Electromyography, or EMG, measures the electrical activity of the nerves that send signals within and between muscles, called motor neurons, and shows a decrease in electrical activity if nerves are damaged, according to Mayo Clinic. Nerves communicate throughout the body with electrochemical signals.
EMG measures and interprets electrical activity via electrodes, and shows the information in visual or audio format. According to Mayo Clinic, there are several methods of assessing electrochemical activity using EMG. A needle electrode directly measures the motor neuron activity within a muscle. A nerve conduction study is used to measure the activity within a specific muscle or along a nerve via electrodes on the skin. A nerve conduction study can show if the motor neurons within a muscle are sending strong or weak signals, and it also assesses signal speed.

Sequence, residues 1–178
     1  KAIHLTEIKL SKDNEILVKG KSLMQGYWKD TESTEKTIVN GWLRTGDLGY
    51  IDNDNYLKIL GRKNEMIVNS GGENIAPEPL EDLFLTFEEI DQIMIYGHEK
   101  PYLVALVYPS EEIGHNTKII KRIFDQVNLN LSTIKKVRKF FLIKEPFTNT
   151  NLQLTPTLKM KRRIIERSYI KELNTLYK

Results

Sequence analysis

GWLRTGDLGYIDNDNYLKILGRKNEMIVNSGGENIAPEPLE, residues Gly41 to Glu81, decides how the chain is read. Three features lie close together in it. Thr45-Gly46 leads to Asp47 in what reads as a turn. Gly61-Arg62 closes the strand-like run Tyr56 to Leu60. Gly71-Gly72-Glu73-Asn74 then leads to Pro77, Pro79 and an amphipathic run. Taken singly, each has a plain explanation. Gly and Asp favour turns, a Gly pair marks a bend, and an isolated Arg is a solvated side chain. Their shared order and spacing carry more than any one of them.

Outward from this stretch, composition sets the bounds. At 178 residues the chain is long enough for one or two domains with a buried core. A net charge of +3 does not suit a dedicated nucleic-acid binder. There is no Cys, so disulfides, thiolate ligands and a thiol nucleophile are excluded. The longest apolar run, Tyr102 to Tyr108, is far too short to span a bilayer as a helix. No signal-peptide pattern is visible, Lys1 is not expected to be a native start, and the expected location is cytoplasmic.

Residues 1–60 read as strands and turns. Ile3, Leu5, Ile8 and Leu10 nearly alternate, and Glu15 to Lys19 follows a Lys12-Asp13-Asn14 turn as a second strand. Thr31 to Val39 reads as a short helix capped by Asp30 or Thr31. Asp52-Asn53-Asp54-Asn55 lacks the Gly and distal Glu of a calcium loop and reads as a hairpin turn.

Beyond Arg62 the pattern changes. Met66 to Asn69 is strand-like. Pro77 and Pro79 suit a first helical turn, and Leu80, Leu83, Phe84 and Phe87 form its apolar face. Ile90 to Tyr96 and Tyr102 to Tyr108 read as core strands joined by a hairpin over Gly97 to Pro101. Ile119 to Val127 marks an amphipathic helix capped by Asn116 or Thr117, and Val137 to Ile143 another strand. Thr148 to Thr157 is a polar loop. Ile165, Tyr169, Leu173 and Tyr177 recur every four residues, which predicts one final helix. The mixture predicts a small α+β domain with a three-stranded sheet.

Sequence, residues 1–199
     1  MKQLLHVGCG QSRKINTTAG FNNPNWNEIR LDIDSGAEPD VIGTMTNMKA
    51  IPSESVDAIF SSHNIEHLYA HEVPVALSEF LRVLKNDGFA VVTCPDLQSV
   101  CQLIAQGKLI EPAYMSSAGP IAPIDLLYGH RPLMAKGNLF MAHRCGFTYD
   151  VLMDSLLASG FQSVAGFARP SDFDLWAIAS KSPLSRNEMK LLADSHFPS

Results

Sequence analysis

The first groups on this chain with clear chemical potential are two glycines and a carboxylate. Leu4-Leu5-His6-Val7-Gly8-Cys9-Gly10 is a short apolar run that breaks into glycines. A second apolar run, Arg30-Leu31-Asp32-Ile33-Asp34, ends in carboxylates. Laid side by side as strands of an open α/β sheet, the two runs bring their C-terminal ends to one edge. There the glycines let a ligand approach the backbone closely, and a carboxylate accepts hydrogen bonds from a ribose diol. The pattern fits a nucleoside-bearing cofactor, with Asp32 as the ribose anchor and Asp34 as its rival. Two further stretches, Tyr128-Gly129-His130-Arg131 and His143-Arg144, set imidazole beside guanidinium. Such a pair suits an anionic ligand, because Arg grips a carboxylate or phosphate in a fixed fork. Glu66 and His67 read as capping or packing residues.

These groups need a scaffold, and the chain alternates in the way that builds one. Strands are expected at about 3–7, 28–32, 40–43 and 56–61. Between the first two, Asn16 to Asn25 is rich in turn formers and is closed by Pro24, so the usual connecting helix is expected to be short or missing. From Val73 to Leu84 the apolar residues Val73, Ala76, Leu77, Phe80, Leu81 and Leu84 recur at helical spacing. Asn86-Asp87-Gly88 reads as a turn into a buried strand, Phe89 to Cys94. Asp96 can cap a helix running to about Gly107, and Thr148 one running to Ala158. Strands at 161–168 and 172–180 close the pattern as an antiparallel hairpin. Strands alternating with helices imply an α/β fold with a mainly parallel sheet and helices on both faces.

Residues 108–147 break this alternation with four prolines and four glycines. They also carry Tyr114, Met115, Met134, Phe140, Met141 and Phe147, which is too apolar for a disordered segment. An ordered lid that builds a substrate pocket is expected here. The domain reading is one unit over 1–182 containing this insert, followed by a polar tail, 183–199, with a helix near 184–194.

Doctors may order an EMG in patients who have nerve pain, muscle spasms or weakness, tingling and numbness. Some conditions that may cause signs of nerve damage include spinal disorders such as herniated discs, peripheral nerve disorders that affect the limbs, and neuromuscular disorders such as muscular dystrophy. EMG testing can show that there is a decrease in nerve signalling and can be used in conjunction with other diagnostic criteria to determine the cause of the damage.